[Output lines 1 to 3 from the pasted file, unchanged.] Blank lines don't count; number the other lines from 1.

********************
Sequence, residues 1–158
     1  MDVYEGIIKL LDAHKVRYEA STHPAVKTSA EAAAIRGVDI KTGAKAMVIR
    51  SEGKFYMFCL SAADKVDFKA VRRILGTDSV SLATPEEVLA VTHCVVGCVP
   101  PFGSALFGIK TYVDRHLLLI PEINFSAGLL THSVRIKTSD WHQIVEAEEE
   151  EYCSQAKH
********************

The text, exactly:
Sequence, residues 1–158
     1  MDVYEGIIKL LDAHKVRYEA STHPAVKTSA EAAAIRGVDI KTGAKAMVIR
    51  SEGKFYMFCL SAADKVDFKA VRRILGTDSV SLATPEEVLA VTHCVVGCVP